Compartment Corner: Wyantskill (NY) Engine 426


By Mike Ciampo

Wyantskill, New York, is a hamlet of the Town of North Greenbush and a suburb of the City of Troy NY. It is located across the Hudson River from Albany, the Capitol of New York State, in Rensselaer County. In 2010, the Wyantskill Fire Department and the Defreestville Fire Department consolidated to form the North Greenbush Fire District #1. The Wyantskill Fire Department was established in 1915 and will be celebrating its Centennial this year. While looking at their apparatus, one can sense the amount of pride they have, especially when looking at their antique “Gray Ghost” Sanford fire engine, painted in their original paint scheme of light gray over red. The Ghost is often viewed in parades and events, receiving accolades from the crowds.

Engine 426 is Wyantskill’s first-line engine. It’s a 2007 American LaFrance with a rear-mount pump that has a 940-gallon water tank and two 30-gallon foam tanks. It has high side compartments with roll-up doors, resembling a rescue body type design, with its pump controls located in the left rear compartment. The cab is a walk-through design that seats six and allows good communication between the officer and the members in the crew cab. The engine’s paint scheme is white over lime green with a royal blue reflective stripe running along the bottom of the cab and up along the roll-up compartment doors. The front right side compartment is used for hand tool storage and other equipment. It’s known to department members as the utility compartment.

On the rear wall of the compartment, there are numerous hand tools mounted and held in place by retaining brackets. The department color codes its hand tools so members can identify which unit they belong to. Engine 426’s color is red as can be seen by the tool markings. Working from the top of the compartment downward are: a 4-foot sheetrock rake, Pro-Bar Halligan tool, 3-foot D-handle pike pole (aka closet hook), and married together as a set of Irons are another Pro-Bar Halligan and 8-pound flat-head axe in a carrying strap. Also mounted to the rear wall, on the left side of the tool board, is a 2.5-gallon water extinguisher with Cold Fire (fire suppressant agent that’s nontoxic and biodegradable).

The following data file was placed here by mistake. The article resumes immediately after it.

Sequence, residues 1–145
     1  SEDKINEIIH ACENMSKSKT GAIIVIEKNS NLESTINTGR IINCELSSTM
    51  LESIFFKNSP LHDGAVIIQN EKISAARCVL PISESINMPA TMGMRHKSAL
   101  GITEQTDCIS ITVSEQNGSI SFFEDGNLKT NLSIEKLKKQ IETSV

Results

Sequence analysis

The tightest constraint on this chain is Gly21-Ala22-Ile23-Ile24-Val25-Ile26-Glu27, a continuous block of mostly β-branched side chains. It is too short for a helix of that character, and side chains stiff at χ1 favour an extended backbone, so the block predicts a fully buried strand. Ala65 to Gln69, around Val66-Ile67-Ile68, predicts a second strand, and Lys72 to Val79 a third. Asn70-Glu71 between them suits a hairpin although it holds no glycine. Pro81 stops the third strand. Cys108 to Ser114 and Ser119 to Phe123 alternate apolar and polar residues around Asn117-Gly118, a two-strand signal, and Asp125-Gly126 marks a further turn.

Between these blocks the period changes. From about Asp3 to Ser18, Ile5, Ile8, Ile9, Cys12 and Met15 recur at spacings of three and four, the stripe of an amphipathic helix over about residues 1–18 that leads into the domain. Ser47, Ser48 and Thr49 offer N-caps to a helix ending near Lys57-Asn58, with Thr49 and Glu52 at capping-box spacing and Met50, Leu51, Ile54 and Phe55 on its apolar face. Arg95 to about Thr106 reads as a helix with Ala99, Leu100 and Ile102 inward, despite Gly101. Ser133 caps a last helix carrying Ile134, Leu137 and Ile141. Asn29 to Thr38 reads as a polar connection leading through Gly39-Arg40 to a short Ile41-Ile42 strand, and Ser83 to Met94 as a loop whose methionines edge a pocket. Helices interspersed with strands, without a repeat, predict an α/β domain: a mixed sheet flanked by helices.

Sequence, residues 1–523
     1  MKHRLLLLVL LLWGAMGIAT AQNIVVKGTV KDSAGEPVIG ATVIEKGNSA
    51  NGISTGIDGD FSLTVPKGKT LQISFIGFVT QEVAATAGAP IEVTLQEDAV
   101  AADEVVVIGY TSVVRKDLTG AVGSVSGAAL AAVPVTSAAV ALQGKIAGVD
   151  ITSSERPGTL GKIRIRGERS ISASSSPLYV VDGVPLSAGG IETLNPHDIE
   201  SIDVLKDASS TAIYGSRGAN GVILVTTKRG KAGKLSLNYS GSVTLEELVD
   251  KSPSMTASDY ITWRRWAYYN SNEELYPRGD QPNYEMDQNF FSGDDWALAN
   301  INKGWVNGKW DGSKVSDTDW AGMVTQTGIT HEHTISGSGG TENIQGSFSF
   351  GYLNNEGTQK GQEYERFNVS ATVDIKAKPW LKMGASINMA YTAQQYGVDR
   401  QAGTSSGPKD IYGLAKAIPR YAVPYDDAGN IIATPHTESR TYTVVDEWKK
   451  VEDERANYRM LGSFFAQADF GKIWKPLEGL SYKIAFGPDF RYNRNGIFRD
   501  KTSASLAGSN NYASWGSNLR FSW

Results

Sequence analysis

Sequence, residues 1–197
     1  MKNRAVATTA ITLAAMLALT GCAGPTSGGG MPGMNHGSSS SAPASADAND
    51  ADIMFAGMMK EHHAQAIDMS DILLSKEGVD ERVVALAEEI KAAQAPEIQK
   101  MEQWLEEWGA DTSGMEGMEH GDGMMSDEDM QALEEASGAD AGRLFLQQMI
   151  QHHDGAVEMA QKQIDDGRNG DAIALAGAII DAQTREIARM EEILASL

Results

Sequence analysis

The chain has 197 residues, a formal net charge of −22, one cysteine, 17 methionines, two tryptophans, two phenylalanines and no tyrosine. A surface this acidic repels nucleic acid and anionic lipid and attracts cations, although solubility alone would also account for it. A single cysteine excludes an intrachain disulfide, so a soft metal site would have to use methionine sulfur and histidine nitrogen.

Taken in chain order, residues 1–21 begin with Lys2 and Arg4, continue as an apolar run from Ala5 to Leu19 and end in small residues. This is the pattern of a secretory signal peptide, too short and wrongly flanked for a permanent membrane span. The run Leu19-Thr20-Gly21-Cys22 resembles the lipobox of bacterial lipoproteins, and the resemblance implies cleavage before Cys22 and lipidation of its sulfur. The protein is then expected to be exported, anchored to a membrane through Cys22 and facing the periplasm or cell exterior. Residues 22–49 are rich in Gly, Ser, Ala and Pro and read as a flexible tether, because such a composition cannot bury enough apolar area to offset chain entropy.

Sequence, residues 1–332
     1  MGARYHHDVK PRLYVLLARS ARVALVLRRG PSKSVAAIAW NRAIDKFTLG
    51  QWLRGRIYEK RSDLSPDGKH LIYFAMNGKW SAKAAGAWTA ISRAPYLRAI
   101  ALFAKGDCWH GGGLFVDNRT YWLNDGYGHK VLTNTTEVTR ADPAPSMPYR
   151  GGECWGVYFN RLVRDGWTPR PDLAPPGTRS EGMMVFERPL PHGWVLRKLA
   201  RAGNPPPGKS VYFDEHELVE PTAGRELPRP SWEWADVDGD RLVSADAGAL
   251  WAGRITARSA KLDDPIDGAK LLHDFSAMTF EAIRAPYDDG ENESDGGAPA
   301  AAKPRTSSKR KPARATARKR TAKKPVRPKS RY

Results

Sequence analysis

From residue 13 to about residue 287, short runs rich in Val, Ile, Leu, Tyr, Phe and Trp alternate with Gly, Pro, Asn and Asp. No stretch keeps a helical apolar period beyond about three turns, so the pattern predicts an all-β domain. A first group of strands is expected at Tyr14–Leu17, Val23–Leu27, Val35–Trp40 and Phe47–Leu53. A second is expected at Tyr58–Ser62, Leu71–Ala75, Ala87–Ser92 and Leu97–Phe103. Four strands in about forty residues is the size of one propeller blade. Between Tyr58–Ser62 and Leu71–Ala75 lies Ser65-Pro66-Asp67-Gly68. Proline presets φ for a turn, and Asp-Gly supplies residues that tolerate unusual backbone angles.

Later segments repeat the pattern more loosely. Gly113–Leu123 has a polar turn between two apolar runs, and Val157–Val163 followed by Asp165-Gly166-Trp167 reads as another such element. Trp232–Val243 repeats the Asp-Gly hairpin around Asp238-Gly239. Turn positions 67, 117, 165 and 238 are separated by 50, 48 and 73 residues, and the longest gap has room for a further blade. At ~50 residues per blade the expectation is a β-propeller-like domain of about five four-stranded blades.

Beneath the rear-wall tool board, permanently mounted on the left side of the compartment, is a 120-volt, 250-foot electrical cord reel with a junction box mounted to its end. The junction box sits in a prefabricated box on the left-side wall of the compartment. The cord reel is rewound by an electrical motor rewind system. There is also a roll-out compartment tray shelf that has the following items placed on it: one dry chemical extinguisher, one CO2 Extinguisher, a Super Vac exhaust fan, one hose roller, two canvas garden hoses for the rehab fan attachment, and two metal canisters for chimney fires. The two metal chimney cans are to be used by the inside team and one for the outside team. If you take note in the photos, the one can is smaller and fits under the electric cord reel. The inside team’s canister has two small metal “fireplace” shovels for removing the ashes, a portable mirror to look up into the flue of the chimney (formerly from the side of an older apparatus), a tarp to protect the flooring, and two pairs of fire-rated gloves. In the outside team’s canister is a coffee can filled with dry chemical in small zip-lock bags which can be emptied directly into the chimney or dropped down from above, and a 75-foot chain with a homemade “bullet” (steel cylindrical shaped) attachment to remove any creosote buildup in the chimney. Mounted to the forward wall of this compartment and held in by a tubular retaining strap is a Mister Rehab Fan Attachment that connects to the front of the fan. Once the garden hose is attached to it and the fan turned on, it blows a water mist to cool firefighters down at scenes. Also standing next to this attachment is a door jamb extender, which can be used to hang the exhaust fan.

The Wyantskill Fire Department is a proud organization and has become stronger with the consolidation as a whole. Not only is it better equipped to handle an emergency, it also has stronger numbers in members responding. Congratulations to the Wyantskill Fire Department for serving the citizens and community for 100 years.

MIKE CIAMPO is a 29-year veteran of the fire service and a lieutenant in the Fire Department of New York. Previously, he served with the District of Columbia Fire Department. He has a B.A. in fire science from John Jay College of Criminal Justice in New York City. He is the lead instructor for the FDIC Truck Essentials H.O.T. program. He wrote the Ladder chapter and co-authored the Ventilation chapter for Fire Engineering‘s Handbook for Firefighter I and II (Fire Engineering, 2009) and is featured in “Training Minutes” truck company videos on He also wrote the Ground Ladders-Bread & Butter DVD (Pennwell) and writes the monthly column ON FIRE on the back page of Fire Engineering.


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